Hopefully, you've picked a good partner to marry, and the rest of your choices will become just details.

Don't be afraid to fight and cry, and don't be afraid to say NO when you really need to. Think of it as practice for the rest of your lives together when dealing with family members on both sides.

Planning your wedding with your partner is great since you'll need these skills later in life for doing things like caring for a sick parent, having kids, renovating a house, or moving across the country.

Sometimes the idea of marriage gets lost under the modern idea that when you already live together, not much is going to change after getting married. Sometimes it's a panic that pulls us back to reality: getting married is a HUGE commitment, and not one to be taken lightly.

Though it seems terrifying and expensive to call off a wedding, it is infinitely worse to call off a marriage! The people who loved you before you were a bride-to-be will still love you once you call off your wedding. 

Getting married does NOT equal happiness.

Wedding Realization - Marriage isn't for forever, it is for today. Look around at your life and your relationship and figure out how it is doing NOW. If it's good, it's good. If it's not, take actions to fix it. But there is nothing that can be done about 30 years from now, other than to take care of each other in this moment.

Stay grounded, and focus on why you love your partner enough to make this huge commitment.

Weddings are about hope.

On days it seems to hard to go on, too hard to pick out flowers, remember the why of weddings.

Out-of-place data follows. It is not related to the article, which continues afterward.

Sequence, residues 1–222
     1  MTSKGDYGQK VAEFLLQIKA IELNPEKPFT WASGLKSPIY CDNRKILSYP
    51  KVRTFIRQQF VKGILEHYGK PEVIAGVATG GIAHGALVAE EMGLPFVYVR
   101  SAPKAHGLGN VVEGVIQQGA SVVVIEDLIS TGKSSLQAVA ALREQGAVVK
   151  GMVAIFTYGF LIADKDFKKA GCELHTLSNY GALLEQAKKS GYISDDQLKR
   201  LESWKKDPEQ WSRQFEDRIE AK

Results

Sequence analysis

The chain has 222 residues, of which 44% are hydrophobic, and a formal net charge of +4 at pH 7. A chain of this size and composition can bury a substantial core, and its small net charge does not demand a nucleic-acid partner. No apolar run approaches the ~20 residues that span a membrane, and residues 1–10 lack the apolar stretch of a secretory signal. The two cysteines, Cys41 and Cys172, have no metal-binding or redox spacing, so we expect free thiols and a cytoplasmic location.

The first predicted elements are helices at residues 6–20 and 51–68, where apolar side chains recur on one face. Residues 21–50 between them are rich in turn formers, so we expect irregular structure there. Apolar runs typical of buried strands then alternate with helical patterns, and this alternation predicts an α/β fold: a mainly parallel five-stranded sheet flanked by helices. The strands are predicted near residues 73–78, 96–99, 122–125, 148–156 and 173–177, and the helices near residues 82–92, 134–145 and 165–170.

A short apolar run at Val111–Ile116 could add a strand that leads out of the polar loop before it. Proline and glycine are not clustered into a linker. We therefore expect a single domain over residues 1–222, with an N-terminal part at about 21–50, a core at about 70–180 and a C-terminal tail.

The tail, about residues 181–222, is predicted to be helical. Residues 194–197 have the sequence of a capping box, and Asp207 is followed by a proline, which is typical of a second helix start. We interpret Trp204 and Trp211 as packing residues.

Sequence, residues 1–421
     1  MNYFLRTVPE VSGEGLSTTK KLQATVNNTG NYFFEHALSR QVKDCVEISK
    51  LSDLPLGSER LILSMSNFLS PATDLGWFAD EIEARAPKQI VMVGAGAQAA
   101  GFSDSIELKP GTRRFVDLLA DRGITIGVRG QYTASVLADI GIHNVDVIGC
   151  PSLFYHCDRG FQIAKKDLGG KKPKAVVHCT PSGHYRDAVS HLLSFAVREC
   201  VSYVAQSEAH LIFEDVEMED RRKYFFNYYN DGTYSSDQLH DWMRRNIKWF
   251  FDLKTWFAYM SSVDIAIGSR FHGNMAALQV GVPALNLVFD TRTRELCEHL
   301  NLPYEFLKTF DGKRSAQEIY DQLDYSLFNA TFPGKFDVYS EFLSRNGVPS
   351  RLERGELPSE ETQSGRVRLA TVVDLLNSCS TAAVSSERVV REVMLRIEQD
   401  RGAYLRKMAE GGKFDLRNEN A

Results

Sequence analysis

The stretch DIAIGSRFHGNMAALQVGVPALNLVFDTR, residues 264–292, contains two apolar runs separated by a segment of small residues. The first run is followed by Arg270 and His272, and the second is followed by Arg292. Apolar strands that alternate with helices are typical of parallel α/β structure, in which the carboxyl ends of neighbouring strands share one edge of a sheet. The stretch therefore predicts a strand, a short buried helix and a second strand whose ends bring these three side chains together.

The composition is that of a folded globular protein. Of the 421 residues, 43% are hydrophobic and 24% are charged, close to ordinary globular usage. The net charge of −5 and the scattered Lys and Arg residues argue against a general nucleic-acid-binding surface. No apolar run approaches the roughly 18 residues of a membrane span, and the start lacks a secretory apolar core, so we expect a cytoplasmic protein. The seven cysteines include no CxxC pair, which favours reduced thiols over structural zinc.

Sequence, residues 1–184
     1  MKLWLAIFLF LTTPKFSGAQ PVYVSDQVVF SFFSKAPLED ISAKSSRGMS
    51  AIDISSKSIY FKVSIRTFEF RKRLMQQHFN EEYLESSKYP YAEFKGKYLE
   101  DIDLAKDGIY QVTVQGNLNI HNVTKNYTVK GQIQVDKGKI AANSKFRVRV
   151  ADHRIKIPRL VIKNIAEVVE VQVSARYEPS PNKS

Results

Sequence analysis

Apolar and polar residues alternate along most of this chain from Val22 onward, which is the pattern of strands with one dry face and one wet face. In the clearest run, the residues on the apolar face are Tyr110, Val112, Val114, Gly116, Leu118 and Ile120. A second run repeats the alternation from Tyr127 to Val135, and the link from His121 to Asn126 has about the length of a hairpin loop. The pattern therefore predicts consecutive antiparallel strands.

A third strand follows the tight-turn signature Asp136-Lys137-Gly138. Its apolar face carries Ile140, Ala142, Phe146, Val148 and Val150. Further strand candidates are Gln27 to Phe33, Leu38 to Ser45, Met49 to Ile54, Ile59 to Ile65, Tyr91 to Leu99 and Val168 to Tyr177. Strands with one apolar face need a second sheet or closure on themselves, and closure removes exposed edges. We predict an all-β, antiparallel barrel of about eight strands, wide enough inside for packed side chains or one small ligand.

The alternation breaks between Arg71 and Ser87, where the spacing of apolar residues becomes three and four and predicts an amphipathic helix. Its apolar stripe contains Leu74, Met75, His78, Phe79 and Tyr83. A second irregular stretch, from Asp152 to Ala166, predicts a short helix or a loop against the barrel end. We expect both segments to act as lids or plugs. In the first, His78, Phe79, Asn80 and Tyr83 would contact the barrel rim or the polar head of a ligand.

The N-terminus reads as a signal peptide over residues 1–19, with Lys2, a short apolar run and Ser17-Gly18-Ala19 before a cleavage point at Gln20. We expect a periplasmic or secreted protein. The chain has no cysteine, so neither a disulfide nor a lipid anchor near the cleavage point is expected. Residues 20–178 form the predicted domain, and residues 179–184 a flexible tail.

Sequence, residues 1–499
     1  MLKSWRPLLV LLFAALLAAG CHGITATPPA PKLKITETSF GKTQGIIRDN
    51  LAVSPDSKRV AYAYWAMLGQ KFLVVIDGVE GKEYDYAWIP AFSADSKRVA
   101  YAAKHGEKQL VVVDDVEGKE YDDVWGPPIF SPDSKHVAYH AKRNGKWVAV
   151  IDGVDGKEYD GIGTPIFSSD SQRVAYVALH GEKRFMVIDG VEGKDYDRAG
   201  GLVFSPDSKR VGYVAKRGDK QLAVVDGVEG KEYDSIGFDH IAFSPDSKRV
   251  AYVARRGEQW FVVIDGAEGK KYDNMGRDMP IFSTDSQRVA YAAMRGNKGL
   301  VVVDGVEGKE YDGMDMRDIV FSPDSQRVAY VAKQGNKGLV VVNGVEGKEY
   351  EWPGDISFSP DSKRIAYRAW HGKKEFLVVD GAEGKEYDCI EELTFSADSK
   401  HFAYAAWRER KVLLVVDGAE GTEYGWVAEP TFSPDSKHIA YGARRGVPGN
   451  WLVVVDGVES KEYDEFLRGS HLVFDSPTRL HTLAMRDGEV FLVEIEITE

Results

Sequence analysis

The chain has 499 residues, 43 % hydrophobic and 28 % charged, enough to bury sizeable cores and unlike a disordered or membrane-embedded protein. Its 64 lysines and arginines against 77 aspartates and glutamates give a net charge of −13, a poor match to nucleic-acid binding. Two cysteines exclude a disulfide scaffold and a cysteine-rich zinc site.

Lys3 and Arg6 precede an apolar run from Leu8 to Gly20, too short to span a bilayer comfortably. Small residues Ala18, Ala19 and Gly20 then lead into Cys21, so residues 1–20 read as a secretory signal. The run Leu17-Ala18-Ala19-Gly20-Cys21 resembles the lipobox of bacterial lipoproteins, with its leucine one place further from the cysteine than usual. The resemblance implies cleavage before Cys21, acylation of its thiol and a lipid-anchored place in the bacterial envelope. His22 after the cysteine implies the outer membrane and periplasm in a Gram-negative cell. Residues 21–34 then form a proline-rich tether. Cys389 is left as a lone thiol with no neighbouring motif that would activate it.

Weddings allow us to celebrate who we love with the people we love.

The hardest part of wedding planning is often the conflict btwn what we hoped would be, and what is.

The ceremony is the core, don't overlook it and it's importance.

You should feel different walking down the aisle than you felt walking up.

There is a whole wedding marketing machine set up to sell you the "perfect" wedding, but the reality is, things are going to go wrong on your wedding day. That's fine. It's the imperfections that make the day yours. Perfect weddings don't exist!

It's really, really hard to ruin a wedding. Little things may go wrong, but you can choose to not let it matter. Although BIG things could go wrong. The key is rolling with what happens, letting go, and appreciate the reality of the moment, and have a back up rain plan!

If you're marrying a partner who makes you deeply happy, the wedding just becomes the party to kick off the rest of your life.

Also remember that the wedding day isn't the all important be all - your marriage is.

The wedding marks the beginning of married life; it is the announcement of the start of something great.

Your wedding is a major life event.

Remember what your wedding is: a celebration!

When marriage goes right, it allows us to be stronger people together than we would be apart. 

Now What!?
You've spent a lot of time planning this wedding and gone thru and emotional roller coaster of highs and lows, at some point you're going to crash. The wedding is over; your life has changed; you are coming back to reality. Some crying is normal. You may wonder, now what? Or you may feel like you have postwedding freedom and glad your wedding is over. Make sure to take some time off together and think about what just happened. Savor being a brand new family.

My Engagement Weekend 2009 
Amelia Island, FL
Love you Christopher ~ Layla